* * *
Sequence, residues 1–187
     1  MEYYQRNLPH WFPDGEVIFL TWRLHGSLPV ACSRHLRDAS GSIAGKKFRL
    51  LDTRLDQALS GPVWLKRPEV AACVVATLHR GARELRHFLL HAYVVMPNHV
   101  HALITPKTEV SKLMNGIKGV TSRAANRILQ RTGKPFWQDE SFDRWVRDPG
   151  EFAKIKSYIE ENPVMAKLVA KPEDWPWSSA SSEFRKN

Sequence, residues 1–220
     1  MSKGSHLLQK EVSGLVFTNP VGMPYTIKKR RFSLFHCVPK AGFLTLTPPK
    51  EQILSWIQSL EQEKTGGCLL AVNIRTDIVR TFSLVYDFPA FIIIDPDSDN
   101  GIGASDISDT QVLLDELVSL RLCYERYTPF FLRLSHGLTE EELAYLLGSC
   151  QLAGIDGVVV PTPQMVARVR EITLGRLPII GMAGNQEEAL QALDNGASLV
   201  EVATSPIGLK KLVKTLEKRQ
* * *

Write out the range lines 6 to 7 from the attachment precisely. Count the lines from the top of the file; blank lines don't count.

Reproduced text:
Sequence, residues 1–220
     1  MSKGSHLLQK EVSGLVFTNP VGMPYTIKKR RFSLFHCVPK AGFLTLTPPK